Retirement Benefits: Which Way Does the Whistle Blow?
The Issue: A terminated employee makes a claim against the employer for damages. The company says it fired him for stealing from the company. He says it was in retaliation for reporting law violations by the employer (that is, for being a whistle blower). At the same time, he files a claim for his benefits under the company’s 401(k) plan. Does the plan have to pay him out?
The Solution: Yes. The fact that the company feels wronged by the employee – for the theft and possibly for alleging that it violated the law – is irrelevant. The employee’s benefits are still protected and must be paid.
Analysis: This issue is one of the most disconcerting for employers. We often get the question, “you mean we have to pay this [bad actor] his benefits even though he stole from us and is trying to ruin our reputation?” No matter how much we may empathize, we still have to give the client the answer they don’t like: yes, you have to pay out the benefits.
There are some exceptions, but they are limited. A plan may contain a “bad boy” provision that changes the vesting schedule if a participant engages in certain acts that are adverse to the interests of the employer and are spelled out in the plan. This wouldn’t apply to the employee’s own deferrals, since those must always be 100% vested, but could be applied to employer contributions (such as a match or profit sharing contribution in a 401(k) plan). Few plans have such a provision; and if it’s not in the document, for benefits purposes, it doesn’t exist. Trying to add it to a provider’s document (a prototype) would likely cause it to lose prototype status. And once the employee has satisfied the vesting period, even if the provision is included, the benefits have to be paid out, no matter how “bad” the employee was.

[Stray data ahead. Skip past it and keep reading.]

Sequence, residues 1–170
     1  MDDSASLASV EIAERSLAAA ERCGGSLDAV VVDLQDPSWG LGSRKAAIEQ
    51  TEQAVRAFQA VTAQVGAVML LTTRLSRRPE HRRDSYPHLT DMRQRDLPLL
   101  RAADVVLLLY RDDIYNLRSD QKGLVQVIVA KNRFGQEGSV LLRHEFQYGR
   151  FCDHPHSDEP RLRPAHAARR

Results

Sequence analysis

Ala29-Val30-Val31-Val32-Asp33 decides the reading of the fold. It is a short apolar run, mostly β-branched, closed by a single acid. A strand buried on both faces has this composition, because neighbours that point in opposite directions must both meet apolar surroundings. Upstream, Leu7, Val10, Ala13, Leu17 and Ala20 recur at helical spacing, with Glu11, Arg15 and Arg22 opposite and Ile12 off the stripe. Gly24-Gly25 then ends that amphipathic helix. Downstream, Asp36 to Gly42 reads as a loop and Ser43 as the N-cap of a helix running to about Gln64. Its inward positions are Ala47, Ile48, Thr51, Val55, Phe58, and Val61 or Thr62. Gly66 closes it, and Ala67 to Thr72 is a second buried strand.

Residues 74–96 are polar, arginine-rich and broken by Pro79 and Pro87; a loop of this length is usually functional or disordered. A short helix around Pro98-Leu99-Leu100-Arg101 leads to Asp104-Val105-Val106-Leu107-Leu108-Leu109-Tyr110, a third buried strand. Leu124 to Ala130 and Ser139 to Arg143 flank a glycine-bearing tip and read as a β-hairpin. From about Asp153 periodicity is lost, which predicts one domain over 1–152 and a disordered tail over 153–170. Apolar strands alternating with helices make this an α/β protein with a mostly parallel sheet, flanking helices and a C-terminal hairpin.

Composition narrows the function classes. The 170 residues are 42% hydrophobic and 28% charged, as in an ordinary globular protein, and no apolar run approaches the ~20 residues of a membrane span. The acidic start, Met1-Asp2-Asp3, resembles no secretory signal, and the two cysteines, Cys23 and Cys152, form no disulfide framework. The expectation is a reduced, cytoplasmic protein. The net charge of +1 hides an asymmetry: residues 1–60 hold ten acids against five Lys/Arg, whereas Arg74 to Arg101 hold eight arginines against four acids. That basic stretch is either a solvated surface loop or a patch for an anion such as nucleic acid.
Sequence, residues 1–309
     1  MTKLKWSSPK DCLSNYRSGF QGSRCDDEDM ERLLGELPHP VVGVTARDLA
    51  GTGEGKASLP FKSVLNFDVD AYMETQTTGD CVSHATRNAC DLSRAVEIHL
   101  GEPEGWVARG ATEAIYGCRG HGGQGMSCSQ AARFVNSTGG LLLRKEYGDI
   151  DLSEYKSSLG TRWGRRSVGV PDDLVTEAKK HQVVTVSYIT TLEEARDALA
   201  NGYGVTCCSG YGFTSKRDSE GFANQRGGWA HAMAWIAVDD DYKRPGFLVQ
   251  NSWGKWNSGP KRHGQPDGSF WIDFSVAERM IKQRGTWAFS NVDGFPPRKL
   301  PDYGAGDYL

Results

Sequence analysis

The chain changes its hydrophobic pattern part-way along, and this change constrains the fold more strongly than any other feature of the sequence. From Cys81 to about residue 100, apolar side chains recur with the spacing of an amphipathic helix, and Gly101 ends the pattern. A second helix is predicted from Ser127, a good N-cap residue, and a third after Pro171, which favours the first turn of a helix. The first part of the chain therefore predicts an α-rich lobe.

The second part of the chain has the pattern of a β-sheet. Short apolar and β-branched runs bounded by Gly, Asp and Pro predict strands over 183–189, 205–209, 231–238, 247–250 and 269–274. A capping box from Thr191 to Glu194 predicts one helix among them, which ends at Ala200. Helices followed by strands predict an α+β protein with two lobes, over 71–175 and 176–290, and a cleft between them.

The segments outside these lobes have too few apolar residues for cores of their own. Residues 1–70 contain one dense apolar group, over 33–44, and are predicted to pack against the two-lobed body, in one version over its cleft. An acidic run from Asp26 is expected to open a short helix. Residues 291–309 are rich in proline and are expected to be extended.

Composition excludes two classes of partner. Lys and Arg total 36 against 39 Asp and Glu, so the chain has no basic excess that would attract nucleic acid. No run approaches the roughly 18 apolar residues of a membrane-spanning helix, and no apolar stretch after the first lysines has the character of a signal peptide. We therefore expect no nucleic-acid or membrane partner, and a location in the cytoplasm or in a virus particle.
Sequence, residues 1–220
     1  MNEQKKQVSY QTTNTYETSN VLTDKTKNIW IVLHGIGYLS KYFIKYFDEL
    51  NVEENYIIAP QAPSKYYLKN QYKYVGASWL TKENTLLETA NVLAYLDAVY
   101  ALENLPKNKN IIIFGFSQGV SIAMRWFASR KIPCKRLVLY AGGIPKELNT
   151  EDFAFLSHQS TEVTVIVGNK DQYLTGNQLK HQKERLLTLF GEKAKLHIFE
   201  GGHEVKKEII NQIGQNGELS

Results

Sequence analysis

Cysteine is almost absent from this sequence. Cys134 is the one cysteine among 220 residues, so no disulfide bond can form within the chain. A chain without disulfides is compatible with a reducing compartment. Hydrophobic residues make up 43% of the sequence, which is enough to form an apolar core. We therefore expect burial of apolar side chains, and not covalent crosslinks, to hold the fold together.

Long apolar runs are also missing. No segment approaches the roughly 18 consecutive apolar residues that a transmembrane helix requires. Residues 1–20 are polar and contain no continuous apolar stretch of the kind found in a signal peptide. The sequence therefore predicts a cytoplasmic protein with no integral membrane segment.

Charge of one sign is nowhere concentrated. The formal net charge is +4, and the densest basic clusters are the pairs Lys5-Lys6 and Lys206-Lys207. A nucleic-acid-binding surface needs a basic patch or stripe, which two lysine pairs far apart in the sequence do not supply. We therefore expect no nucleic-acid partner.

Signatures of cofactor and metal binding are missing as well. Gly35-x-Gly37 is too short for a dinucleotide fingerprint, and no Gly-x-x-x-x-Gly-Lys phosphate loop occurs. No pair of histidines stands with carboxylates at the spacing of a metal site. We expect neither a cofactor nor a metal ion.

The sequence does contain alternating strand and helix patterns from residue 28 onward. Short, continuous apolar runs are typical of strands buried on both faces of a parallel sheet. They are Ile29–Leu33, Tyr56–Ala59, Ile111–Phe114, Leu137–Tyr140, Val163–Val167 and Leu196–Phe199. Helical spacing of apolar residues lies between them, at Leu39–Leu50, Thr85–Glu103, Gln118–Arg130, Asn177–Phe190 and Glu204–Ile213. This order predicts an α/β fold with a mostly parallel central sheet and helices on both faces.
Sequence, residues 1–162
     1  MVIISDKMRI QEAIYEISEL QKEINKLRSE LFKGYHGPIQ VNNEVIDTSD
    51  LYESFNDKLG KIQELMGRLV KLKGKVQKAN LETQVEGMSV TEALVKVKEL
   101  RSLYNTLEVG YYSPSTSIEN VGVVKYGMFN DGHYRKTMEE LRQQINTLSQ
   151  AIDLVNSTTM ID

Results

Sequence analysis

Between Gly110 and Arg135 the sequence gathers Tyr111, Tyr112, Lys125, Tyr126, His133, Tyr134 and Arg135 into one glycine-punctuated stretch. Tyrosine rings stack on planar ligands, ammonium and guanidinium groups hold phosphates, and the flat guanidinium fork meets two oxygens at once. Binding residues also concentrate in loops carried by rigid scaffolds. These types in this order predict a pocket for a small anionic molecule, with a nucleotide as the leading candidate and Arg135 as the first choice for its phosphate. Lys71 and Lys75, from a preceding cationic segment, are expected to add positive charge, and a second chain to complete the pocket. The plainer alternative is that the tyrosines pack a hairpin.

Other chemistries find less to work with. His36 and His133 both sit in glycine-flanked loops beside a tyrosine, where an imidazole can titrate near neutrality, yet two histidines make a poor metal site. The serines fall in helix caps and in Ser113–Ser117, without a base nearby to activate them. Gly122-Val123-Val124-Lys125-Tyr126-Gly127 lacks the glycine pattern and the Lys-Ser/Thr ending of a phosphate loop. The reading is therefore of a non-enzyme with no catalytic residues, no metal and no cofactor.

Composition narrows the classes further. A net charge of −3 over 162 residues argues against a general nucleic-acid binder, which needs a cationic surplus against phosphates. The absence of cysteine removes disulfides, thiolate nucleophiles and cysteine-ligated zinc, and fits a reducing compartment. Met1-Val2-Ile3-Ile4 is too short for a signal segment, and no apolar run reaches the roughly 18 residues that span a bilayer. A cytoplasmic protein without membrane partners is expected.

Arguably, too, a court would not permit enforcement of a plan document provision that includes whistle blower activity in the list of “bad boy” conduct. While we aren’t aware of case authority on this point, it seems likely the court would say it violates public policy.
One last point: if the employee steals from the plan, under certain circumstances, the plan may be able to seize the benefits to satisfy its claim. This doesn’t help the employer, and the circumstances under which this can be done are very limited
The bottom line: don’t try to hold the employee’s retirement benefits hostage to other claims the company may have against the employee. It generally isn’t permitted and can result in a lot of trouble for the employer, the plan and the plan fiduciaries.